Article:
·         Accelerating your life by setting goals also accelerates but does not create the problems and setbacks you’ll encounter.
·         The difference between dreams and goals is in commitment and the length of time required to achieve them.
·         Success is the progressive, timely achievement of your stated goals.
·         The more specific and measurable your goal, the more quickly you will be able to identify, locate, create, and implement the use of the necessary resources for its achievement.
·         The more specific and measurable your goal, the more quickly it can be accomplished.
·         The impact of doubt is directly proportional to both the level of difficulty in achieving a goal and the intensity of the doubt.
·         Increased clarity equals increased opportunity.

·         15. Set goals to organize and structure your mind for maximum effectiveness.
·         16. Make your goals specific and measurable.
·         17. Make your goals believable.
·         18. Overcome doubt with positive, present-tense affirmations.
·         19. Commit your goals to a written list.
·         20. State your goals as single, concise sentences beginning with action verbs.
·         21. Set a realistic target date for the completion of each goal.
·         22. Keep a copy of your top ten goals where you will see it every day.

7. Seeing Success

·         23. Visualize your goals clearly to achieve them more quickly.
·         24. Make visualizing your goals a regular habit.
·         25. Add momentum to your visualizations with some high-powered emotions.
·         26. Visualize your goals just before you go to sleep.
·         27. Visualize your goals as if you have already achieved them.

8. Aligning Your Goals with Your Values
Conflict inevitably occurs when your goals and values are out of alignment.  The only thing more destructive to your life than setting goals that are out of alignment with your values is setting no goals at all.

·         28. For maximum enjoyment of success, first determine your top ten values.
·         29. For maximum satisfaction and effectiveness, align goals with top values.

9. Operating with Objectives: Your Action Plans
Activate opportunity by getting into action.

·         Complete one Action Plan for each goal on your list.
·         Specify a first step as the first objective on your Action Plan.
·         Break each goal down into a set of manageable objectives.

10. Prioritizing Your Activities
The mind tends to take the path of least resistance.

·         To double your effectiveness, apply the 20/80 rule.
·         Transform efficiency into effectiveness w/ prioritized activities list.
·         Divide your activities list into four sections.
·         Record, prioritize on activities lists all important phone calls and appointments
·         Review, revise blueprint at year’s end to assess past, chart future.

PART III – DOUBLING YOUR PERSONAL EFFECTIVENESS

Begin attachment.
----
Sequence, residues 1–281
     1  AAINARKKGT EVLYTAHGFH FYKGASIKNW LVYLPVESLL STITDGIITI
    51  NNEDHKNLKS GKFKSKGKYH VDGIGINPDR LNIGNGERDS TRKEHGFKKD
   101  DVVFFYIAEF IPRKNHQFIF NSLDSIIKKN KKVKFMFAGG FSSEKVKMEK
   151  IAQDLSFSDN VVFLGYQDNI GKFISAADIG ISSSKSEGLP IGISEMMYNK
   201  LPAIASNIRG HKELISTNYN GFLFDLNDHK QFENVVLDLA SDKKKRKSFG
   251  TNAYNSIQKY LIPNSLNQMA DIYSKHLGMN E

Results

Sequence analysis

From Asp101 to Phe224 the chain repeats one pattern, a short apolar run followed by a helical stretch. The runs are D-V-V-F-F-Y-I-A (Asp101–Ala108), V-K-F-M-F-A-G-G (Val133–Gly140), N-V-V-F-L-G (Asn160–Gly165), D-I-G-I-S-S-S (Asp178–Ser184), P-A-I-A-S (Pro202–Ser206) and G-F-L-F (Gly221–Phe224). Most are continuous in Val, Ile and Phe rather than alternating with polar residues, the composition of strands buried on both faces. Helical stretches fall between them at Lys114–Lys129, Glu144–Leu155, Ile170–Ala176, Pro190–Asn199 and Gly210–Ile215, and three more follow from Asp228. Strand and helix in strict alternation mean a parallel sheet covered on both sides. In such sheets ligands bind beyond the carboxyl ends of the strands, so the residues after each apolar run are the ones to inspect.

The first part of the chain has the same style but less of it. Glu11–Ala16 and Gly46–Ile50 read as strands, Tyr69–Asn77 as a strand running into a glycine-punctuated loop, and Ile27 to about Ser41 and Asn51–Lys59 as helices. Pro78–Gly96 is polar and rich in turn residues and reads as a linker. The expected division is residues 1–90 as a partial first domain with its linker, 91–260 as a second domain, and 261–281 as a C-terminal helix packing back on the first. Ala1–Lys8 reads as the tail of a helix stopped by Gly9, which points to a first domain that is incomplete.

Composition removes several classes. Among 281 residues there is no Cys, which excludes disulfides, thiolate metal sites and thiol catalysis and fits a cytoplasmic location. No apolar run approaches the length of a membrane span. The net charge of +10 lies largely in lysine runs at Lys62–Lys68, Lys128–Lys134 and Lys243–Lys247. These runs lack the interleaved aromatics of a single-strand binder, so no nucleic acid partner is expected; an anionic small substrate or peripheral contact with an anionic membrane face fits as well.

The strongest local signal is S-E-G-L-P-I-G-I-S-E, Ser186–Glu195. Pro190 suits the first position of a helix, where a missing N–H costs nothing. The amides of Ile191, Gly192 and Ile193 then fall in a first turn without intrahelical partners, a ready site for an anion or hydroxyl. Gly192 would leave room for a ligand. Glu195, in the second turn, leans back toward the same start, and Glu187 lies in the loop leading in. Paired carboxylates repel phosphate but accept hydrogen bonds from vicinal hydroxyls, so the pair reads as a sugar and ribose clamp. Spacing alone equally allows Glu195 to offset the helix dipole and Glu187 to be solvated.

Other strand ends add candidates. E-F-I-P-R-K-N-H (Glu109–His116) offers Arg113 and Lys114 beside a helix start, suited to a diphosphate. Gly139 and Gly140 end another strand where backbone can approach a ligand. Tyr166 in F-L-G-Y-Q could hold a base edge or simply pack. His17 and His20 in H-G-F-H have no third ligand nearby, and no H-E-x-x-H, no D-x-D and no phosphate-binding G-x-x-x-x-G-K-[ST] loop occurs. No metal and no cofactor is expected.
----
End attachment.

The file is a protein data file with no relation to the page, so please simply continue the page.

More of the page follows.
1. Discipline
Discipline is a choice, not a legacy.  Focus is the process of keeping your thoughts, attention, and energy totally on the task at hand.  Excuses are only made for failure, never success.

·         Increase your level of effectiveness by learning to maintain focus.
·         Increase effectiveness, earn confidence and trust of others by keeping agreements.
·         Promise only what you can deliver, and deliver what you promise.

2. Controlling Your Time Line
1. Leave your life to chance and chances are you won’t like the way you live your life.

·         Take control of your time or time will control you.
·         Avoid triggering the no-slack principle by making, sticking to your plan.
·         Arrive on time, every time.
·         Arrive early, but never late.
·         Don’t make getting ready the last thing you do before leaving the house.
·         Leave your car keys in the same place every time you arrive home.
·         Combine all frequently used keys into complete duplicate sets.
·         Change door locks so that one key fits all.
·         Ignore the telephone and doorbell when getting ready.
·         Practice effective time management on yourself, not those around you.
·         Fill up your tank on your time–not at stress time.
·         Add a ten-minute fudge factor to your travel time.
·         Carry a local map in the glove compartment of your car.
·         Allow an extra five minutes to find the correct address or office.

3. Prioritizing Your Personal Time
It’s what you accomplish, not how long it takes, that determines your level of success.

·         Schedule personal time w/ same priority, attention to detail as business time.
·         Schedule personal activities as if appointments that cannot be canceled.
·         Don’t allow job-related problems to interrupt scheduled personal time.
·         Stop treating your family as second-class citizens.

4. Managing the Mundane

·         Increase your effectiveness by eliminating mundane maintenance activities.